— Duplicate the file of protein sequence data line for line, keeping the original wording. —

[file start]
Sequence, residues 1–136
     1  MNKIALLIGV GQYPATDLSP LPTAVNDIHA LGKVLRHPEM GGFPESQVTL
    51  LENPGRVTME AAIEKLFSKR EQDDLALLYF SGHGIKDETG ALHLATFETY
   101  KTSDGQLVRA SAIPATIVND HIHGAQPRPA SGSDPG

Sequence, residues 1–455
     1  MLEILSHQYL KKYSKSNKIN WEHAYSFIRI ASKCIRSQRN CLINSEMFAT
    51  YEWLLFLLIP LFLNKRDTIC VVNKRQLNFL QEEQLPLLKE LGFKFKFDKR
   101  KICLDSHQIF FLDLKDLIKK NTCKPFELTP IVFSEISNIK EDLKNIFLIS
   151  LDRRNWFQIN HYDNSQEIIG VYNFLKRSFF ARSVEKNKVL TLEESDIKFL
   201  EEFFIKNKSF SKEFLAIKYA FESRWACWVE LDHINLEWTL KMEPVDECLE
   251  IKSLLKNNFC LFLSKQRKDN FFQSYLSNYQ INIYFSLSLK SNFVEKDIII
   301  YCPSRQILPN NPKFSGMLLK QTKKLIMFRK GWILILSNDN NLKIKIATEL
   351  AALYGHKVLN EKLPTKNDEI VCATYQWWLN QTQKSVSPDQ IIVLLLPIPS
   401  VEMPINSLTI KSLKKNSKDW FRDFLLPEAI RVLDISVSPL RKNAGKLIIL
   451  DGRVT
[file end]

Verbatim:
Sequence, residues 1–136
     1  MNKIALLIGV GQYPATDLSP LPTAVNDIHA LGKVLRHPEM GGFPESQVTL
    51  LENPGRVTME AAIEKLFSKR EQDDLALLYF SGHGIKDETG ALHLATFETY
   101  KTSDGQLVRA SAIPATIVND HIHGAQPRPA SGSDPG

Sequence, residues 1–455
     1  MLEILSHQYL KKYSKSNKIN WEHAYSFIRI ASKCIRSQRN CLINSEMFAT
    51  YEWLLFLLIP LFLNKRDTIC VVNKRQLNFL QEEQLPLLKE LGFKFKFDKR
   101  KICLDSHQIF FLDLKDLIKK NTCKPFELTP IVFSEISNIK EDLKNIFLIS
   151  LDRRNWFQIN HYDNSQEIIG VYNFLKRSFF ARSVEKNKVL TLEESDIKFL
   201  EEFFIKNKSF SKEFLAIKYA FESRWACWVE LDHINLEWTL KMEPVDECLE
   251  IKSLLKNNFC LFLSKQRKDN FFQSYLSNYQ INIYFSLSLK SNFVEKDIII
   301  YCPSRQILPN NPKFSGMLLK QTKKLIMFRK GWILILSNDN NLKIKIATEL
   351  AALYGHKVLN EKLPTKNDEI VCATYQWWLN QTQKSVSPDQ IIVLLLPIPS
   401  VEMPINSLTI KSLKKNSKDW FRDFLLPEAI RVLDISVSPL RKNAGKLIIL
   451  DGRVT